New reporting requirements for life-saving abortions worry some doctors

The proposed guidance from the Texas Medical Board would require doctors to document whether there was time to transfer a patient “by any means available” to avoid performing an abortion.

click to enlarge Members of the public and media listen during the Texas Medical Board Full Board Meeting in the George H.W. Bush Building in Austin, Texas on Mar. 22, 2024. All the seats in the room were filled as everyone listened while they talked about agenda item number 28, ‘Consideration and possible action on rules regarding exceptions to the ban on abortions.’ - Texas Tribune / Maria Crane
Texas Tribune / Maria Crane
Members of the public and media listen during the Texas Medical Board Full Board Meeting in the George H.W. Bush Building in Austin, Texas on Mar. 22, 2024. All the seats in the room were filled as everyone listened while they talked about agenda item number 28, ‘Consideration and possible action on rules regarding exceptions to the ban on abortions.’
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Doctors who perform life-saving abortions may soon be required to document whether they first tried to transfer the patient to another facility to avoid terminating the pregnancy, a move some say goes beyond the language of the law.

Health lawyers and doctors worry this proposed requirement further disincentivizes doctors from performing medically necessary, but legally risky, abortions.

“This creates even more uncertainty for doctors who were already concerned,” said Rachael Gearing, a Dallas health care lawyer who represents OB/GYN clinics. “It's basically saying, ‘Well, you should have passed your patient off to someone else who would have held out longer and wouldn't have done the abortion.’”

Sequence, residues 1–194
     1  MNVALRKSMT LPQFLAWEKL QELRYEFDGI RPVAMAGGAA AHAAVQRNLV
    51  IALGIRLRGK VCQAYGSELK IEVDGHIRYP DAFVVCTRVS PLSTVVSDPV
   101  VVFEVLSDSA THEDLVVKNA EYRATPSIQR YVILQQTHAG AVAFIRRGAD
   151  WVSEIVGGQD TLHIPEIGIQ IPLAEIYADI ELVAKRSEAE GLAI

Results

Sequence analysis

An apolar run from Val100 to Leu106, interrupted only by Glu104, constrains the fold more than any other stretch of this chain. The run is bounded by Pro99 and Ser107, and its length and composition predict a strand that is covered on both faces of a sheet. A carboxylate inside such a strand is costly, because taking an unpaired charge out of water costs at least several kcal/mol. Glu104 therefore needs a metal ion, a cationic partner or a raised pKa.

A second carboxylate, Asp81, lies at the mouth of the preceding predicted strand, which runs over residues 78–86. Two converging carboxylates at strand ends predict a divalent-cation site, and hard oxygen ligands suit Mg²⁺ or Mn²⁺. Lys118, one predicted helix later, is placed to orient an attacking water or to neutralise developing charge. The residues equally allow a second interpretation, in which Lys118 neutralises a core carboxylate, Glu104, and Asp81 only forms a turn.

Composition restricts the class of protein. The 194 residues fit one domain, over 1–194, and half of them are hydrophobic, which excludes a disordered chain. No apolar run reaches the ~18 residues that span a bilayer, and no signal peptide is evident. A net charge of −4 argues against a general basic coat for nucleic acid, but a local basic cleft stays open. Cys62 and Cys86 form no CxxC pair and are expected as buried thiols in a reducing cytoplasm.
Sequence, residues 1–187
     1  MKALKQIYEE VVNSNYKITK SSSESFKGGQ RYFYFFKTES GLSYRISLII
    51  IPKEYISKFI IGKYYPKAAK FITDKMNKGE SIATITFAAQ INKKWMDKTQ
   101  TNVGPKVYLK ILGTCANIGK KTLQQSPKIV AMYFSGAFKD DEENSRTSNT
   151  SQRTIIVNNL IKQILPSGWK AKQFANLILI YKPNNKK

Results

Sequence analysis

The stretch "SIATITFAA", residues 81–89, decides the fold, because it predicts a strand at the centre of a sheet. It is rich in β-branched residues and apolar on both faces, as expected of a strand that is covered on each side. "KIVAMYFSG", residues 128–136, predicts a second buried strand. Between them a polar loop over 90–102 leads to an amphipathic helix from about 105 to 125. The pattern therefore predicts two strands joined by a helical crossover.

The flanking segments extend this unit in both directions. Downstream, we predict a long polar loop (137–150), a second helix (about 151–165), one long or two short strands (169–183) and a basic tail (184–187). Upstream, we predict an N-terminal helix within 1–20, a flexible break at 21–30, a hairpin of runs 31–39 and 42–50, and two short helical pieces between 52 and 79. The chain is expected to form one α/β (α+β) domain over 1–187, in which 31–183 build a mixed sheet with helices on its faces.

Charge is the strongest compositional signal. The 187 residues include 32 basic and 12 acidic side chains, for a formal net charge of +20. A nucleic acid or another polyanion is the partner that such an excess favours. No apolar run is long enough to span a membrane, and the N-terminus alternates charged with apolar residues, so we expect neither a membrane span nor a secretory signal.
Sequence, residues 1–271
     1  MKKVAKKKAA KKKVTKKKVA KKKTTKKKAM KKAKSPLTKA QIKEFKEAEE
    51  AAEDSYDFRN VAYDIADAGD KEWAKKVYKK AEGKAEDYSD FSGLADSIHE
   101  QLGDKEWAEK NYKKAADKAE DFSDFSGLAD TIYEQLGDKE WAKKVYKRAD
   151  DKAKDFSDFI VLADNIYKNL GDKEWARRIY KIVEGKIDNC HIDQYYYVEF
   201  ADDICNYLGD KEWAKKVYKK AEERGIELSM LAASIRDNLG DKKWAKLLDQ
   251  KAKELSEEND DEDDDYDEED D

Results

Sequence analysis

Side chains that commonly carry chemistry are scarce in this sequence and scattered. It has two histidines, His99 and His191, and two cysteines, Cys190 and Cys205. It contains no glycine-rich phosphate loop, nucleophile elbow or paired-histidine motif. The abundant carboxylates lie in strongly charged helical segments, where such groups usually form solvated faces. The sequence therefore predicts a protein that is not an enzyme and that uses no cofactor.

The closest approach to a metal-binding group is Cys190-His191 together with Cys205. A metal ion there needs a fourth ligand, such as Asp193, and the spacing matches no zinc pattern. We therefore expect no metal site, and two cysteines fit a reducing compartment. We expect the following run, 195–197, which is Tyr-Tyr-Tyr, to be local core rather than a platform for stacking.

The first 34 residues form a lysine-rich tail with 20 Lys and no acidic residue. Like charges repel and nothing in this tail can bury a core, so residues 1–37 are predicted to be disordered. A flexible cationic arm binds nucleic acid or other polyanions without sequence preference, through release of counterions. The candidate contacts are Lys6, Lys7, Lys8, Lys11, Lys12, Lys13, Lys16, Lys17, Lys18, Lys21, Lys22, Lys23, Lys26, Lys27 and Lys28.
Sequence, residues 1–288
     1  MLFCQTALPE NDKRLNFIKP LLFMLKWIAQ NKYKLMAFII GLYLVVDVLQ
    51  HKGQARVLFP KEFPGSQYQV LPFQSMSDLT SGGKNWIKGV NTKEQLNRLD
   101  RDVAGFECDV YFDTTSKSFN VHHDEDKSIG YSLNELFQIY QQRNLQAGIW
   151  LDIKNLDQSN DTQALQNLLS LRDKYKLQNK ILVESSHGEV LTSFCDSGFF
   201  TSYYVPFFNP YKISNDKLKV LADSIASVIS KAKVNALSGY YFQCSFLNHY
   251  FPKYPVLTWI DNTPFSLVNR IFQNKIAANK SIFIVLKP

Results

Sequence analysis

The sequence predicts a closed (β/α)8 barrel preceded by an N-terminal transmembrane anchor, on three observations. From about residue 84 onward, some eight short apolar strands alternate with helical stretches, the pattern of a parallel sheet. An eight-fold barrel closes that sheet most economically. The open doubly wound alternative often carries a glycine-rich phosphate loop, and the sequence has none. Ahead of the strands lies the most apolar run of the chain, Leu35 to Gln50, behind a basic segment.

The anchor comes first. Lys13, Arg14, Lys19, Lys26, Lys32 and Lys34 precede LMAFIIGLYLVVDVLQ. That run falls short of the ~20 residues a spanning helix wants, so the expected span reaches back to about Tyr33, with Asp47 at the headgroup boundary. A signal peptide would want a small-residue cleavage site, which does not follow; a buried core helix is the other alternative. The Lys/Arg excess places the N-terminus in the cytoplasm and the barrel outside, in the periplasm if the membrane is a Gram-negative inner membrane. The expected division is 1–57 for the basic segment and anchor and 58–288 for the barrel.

Texas’ laws allow abortions to save a patient’s life, but doctors have struggled to apply that exception in practice, especially when faced with up to life in prison, fines and the loss of their medical license.

After pressure from the Texas Supreme Court and an official petition, the Texas Medical Board issued guidance in March laying out how the licensing agency would investigate complaints of prohibited abortions. The agency is currently considering public comment and will finalize the proposal at or after its June meeting.

In addition to requiring doctors to document how they diagnosed the patient as needing an abortion, the board’s proposal requires them to note whether there was “adequate time to transfer the patient, by any means available to a facility or physician with a higher level of care or expertise to avoid performing an abortion.”

Texas Medical Board President Dr. Sherif Zaafran said this was no different than what doctors are typically expected to do when a patient requires a higher level of care. He said the agency was not trying to “second guess” doctors, but rather laying out what they might expect to see in documentation if they are called on to investigate a complaint.

“All we're asking for is, you've made a determination, you've made a diagnosis, you’ve prescribed a treatment plan,” he told The Texas Tribune. “Help us understand what led you to come up with that diagnosis.”

But doctors — and the lawyers who represent them — say the law’s crushing penalties mean treating complicated pregnancies is vastly different than any other type of medical treatment in Texas.